When I think of Omeer, I think of the live piano music in the park, which he loves to sit and listen to in the summer, but if I were scoring the soundtrack to his movie, Omeer's song would have to be the Harry McClintock version of "Big Rock Candy Mountain" for all of its false cheer, hinting at the dark underbelly of the hobo life.

The pathos of that song is that it sounds quite jaunty. It's ostensibly about a "hobo" who says as he walks along the train tracks that he's "headed for a land that's far away / beside a crystal fountain" called the Big Rock Candy Mountain. In this world "handouts grow on bushes" and "the sun shines every day." This couldn't be more Omeer's point of view of New York City and Bryant Park. He sees everything as abundance. It's a place according to McClintock "where there ain't no snow / Where the rain don't fall / The wind don't blow."

But just as in the song, these are wishes in response to the horrible realities of life. You only wish for no snow, rain and wind when you are quite buffeted and chilled by them in reality. Thus the song is a kind of a prayer for what the narrator wishes was his life, as opposed to the hunger, fear and deprivation he suffers in reality. The very cheerfulness of the song is an antidote, the listener feels, to the hardships of real life. It reminds me of how, when confronted by a scary dog, our first reaction is to say, "Good dog!" in the hopes of what, diminishing the dog's ferocity? Are we hoping that saying so will make it true?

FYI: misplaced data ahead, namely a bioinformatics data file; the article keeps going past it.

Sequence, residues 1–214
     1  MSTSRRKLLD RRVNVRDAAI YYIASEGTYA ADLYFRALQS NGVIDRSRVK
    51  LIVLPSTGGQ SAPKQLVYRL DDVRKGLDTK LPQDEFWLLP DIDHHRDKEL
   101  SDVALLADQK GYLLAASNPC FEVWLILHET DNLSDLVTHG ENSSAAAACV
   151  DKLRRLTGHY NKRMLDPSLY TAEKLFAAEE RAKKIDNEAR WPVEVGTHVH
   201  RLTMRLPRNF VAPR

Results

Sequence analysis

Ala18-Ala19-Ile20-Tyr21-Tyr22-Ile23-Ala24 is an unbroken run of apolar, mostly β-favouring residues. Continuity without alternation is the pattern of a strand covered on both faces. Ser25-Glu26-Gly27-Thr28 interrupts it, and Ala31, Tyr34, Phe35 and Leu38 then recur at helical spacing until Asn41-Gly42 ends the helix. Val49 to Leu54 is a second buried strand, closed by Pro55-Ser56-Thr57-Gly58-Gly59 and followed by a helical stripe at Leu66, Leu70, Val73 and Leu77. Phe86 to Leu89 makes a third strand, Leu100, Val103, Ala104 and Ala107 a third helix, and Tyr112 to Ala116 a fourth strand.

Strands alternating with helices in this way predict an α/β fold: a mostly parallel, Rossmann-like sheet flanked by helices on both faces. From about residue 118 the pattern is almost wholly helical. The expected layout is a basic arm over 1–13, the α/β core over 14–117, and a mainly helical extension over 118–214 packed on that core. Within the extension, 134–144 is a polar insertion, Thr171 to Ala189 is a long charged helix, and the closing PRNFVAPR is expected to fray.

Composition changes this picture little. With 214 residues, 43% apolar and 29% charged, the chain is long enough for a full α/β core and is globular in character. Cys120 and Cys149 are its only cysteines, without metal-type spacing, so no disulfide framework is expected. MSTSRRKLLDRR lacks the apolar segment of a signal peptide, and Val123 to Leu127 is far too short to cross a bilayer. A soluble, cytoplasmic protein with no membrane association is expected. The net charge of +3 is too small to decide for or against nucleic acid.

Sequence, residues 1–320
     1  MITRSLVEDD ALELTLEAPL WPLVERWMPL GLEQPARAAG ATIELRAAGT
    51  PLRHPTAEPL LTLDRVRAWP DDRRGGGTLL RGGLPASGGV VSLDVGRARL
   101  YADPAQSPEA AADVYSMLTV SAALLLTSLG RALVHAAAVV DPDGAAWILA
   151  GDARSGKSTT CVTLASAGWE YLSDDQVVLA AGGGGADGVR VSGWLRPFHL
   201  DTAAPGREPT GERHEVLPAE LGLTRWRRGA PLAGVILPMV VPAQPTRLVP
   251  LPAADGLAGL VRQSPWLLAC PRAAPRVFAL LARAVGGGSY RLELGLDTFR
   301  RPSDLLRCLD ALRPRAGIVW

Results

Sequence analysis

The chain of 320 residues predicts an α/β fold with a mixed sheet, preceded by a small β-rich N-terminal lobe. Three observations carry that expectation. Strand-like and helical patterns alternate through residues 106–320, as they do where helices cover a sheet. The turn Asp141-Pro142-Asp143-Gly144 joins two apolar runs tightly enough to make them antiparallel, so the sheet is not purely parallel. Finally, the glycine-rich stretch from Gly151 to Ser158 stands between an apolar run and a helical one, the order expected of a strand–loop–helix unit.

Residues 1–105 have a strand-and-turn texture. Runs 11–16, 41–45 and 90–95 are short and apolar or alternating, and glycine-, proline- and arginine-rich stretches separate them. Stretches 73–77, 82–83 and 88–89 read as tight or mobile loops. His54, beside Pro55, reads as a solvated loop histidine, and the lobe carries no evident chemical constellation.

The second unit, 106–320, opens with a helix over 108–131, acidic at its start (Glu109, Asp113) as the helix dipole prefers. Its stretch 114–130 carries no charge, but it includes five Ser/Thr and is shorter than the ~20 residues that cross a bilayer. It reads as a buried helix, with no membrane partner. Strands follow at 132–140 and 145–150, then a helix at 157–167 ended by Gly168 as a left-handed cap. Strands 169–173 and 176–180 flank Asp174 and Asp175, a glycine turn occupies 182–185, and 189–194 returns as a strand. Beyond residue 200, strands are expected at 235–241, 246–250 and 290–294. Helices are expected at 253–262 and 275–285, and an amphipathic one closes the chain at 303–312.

Omeer's lack of cynicism makes him vulnerable to his tenant's belittling ways, vulnerable to his wife's demands, vulnerable to his son's scorn, yet even as his life crumbles around him, or perhaps because it is crumbling, he is filled with increasing optimism. "He would be back in spring," the story concludes, "right here to listen to the music with his companions, the park like a cradle, rocking them all together. Incredible." He longs for the beauty of companionship, even as he is so utterly alone. The park to him, is what he hopes it will be, a place of abundance as in the song where there's "a lake of stew / and of whiskey too / you can paddle all around it in a big canoe." And while there are jails in the song, they are made of tin, "And you can walk right out again, / As soon as you are in." The optimism of this song, and of Omeer, in the face of the reality of the world, is what does me in.